- The stock ended trading 8.7 percent up at $78.29 — something of a modest IPO for such a giant tech company.
- More than 70 million shares exchanged hands by market close.
- Lyft ended its first day with a market valuation to $22.2 billion.
Lyft's stock popped as much as 23 percent in its debut on the public market Friday. Shares opened at $87.24 a piece and ultimately settled to modest gains.
The initial public offering marks the first debut from a heavyweight class of tech companies going public in 2019.
Lyft said Thursday that it sold 32.5 million shares — more than expected — at $72 apiece. That's at the high end of the stated range, which was already boosted from an initial range of $62 to $68. That means the company raised about $2.3 billion from the listing.
The stock ended trading 8.7 percent up at $78.29 — something of a modest IPO for such a giant tech company. Appetite for the stock was strong though, with more than 6 million shares traded at the open. More than 70 million shares exchanged hands by market close.
Lyft ended its first day with a market valuation to $22.2 billion.
"This is a lightning start for Lyft's stock as investors are salivating [over] owning a piece of the $1 trillion ride sharing market," Wedbush managing director Dan Ives said in a statement to CNBC. "The robust start to trading is also a clear positive for other tech names that are watching Lyft to gauge investor demand and Street reaction on this transformational consumer tech name."
The No. 2 ride-hailing company revealed skyrocketing revenue in its IPO prospectus, but posted a 2018 loss of $900 million. The stock's early performance will serve as something of a litmus test for public investors and their tolerance for mature, not-yet-profitable tech giants.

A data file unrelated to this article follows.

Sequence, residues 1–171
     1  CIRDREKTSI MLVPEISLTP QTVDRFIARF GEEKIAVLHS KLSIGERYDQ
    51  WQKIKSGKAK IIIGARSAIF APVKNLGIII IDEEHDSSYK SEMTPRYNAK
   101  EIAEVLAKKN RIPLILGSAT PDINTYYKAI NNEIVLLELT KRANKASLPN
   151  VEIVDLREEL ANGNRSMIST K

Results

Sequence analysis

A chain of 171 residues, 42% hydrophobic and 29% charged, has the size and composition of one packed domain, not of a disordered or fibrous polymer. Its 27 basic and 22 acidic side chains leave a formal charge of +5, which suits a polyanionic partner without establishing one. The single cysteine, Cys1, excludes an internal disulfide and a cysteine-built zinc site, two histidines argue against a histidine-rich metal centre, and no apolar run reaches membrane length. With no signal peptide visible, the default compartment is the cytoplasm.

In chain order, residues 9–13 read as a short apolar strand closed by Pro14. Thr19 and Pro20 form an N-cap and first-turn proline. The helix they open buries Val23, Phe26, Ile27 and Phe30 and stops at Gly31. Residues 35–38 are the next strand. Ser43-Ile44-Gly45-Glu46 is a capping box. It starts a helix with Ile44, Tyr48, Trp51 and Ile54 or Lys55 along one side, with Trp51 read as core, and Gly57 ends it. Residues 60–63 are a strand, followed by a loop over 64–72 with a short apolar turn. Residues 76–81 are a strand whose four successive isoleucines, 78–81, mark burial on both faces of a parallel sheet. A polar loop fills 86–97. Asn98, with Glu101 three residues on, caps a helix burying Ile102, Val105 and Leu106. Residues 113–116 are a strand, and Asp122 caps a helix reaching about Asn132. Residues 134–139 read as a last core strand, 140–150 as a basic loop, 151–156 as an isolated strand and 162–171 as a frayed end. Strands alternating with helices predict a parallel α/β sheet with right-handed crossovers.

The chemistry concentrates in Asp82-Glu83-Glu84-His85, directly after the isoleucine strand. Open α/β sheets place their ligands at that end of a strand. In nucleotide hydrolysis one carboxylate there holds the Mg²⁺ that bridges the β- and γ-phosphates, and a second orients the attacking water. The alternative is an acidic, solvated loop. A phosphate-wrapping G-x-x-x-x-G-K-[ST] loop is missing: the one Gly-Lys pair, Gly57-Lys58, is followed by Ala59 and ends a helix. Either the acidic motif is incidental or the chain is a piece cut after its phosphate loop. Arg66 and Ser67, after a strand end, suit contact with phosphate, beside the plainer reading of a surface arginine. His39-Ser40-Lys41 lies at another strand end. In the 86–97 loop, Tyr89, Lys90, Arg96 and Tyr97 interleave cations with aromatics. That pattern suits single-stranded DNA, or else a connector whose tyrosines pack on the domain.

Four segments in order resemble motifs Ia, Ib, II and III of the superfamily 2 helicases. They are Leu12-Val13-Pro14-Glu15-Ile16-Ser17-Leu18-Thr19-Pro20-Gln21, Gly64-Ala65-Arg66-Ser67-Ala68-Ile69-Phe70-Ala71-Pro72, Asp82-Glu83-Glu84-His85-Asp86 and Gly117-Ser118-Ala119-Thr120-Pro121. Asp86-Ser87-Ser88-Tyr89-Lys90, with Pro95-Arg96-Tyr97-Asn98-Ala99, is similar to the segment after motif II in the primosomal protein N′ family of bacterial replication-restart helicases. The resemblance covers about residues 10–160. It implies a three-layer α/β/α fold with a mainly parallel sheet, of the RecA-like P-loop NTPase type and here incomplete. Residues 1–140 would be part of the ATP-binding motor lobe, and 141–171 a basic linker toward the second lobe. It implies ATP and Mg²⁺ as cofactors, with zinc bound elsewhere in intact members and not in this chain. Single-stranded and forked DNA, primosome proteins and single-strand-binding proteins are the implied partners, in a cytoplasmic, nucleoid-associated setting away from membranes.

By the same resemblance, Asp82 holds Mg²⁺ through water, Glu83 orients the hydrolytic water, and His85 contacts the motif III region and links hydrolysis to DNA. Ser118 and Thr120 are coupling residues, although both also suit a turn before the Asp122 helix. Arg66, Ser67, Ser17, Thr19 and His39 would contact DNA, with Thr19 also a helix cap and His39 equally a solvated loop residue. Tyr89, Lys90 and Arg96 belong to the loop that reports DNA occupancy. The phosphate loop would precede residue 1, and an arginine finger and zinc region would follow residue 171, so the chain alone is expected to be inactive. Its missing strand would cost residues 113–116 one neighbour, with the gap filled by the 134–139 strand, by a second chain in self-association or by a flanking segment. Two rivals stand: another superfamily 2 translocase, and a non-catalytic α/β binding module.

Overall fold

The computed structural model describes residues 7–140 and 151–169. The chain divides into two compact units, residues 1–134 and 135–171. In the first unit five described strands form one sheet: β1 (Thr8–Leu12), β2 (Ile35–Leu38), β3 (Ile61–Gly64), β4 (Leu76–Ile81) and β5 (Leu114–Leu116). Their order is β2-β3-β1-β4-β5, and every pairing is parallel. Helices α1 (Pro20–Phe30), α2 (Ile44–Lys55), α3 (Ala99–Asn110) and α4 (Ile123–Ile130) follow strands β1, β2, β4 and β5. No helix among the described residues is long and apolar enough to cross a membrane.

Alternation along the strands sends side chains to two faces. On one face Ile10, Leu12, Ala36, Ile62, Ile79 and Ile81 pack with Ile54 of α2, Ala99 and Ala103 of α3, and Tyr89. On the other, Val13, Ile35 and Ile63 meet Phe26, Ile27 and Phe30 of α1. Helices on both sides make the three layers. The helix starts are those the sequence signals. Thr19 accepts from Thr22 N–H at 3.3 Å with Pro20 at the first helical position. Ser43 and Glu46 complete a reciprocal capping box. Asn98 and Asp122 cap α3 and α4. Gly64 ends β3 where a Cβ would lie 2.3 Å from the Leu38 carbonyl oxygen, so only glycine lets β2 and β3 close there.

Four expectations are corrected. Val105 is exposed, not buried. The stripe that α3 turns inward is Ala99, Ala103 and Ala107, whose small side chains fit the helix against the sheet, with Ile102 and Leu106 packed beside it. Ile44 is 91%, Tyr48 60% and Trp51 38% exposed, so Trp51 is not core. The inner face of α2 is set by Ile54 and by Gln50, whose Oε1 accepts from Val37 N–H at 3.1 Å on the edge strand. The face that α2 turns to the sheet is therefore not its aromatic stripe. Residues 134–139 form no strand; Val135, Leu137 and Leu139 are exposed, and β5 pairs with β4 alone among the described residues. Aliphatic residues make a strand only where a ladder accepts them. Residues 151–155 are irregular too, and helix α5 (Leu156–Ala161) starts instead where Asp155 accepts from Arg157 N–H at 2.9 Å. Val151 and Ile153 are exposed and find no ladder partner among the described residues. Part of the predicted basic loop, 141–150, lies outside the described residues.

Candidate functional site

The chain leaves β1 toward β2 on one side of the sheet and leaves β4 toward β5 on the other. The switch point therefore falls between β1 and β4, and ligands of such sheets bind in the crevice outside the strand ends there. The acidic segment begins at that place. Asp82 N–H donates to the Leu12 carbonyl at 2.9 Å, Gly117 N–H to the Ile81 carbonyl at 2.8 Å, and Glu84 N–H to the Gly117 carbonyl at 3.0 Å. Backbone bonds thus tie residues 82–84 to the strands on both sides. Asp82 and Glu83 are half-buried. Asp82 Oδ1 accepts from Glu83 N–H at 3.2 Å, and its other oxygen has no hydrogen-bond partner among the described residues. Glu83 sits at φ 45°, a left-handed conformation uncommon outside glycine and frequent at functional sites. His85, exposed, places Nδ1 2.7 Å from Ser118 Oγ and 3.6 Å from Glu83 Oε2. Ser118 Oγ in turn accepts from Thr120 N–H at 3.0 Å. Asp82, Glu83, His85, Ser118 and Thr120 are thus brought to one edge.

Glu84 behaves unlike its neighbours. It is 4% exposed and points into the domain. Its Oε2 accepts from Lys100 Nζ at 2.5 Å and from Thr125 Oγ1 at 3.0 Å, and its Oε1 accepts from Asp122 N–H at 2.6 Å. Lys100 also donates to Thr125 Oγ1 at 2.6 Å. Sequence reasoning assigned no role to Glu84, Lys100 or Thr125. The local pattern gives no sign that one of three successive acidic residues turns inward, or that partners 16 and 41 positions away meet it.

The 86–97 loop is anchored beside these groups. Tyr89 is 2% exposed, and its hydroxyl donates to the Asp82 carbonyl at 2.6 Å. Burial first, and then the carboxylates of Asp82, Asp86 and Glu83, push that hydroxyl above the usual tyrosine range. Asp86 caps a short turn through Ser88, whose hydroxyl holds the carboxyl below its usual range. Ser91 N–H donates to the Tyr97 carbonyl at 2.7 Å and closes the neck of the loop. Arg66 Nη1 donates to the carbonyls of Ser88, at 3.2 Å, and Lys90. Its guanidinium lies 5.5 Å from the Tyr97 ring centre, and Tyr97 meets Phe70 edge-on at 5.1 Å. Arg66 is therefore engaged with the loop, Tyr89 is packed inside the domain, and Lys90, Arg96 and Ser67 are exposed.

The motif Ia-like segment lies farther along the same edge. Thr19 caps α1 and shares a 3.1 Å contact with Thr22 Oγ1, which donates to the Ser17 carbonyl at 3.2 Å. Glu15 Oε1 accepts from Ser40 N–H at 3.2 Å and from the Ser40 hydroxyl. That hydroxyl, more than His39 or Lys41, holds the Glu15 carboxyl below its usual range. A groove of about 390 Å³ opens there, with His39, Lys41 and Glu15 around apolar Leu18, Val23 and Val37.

"We're ready to be held accountable. We're excited," co-founder and President John Zimmer told CNBC's Andrew Ross Sorkin in an interview on "Squawk Box" on Friday morning. "In our case, I think what we've seen in talking to investors [is] that more people are maybe surprised to see the numbers that we're putting out and I think this is a great part of the process. For us this wasn't the goal — this is a milestone along the way — but we feel like it helps us with additional access to capital."
Lyft rival Uber is expected to go public later this spring, having confidentially filed for its public offering on the same day as Lyft in December. Pinterest, Slack and Postmates have also filed for IPOs. Uber is expected to release its S-1 filing and go public in April.
"Lyft is popping the Dom Perignon today but how the stock trades over the coming months and especially once Uber comes out and goes public will be the real test in our opinion," Ives said.
The stock trades on the Nasdaq under the ticker symbol LYFT. J.P. Morgan, Credit Suisse and Jefferies were the lead underwriters of the offering.
Lyft has been named to the CNBC Disruptor 50 List three times, ranking fifth on the 2018 list.
WATCH: Lyft goes public but has no clear path to make a profit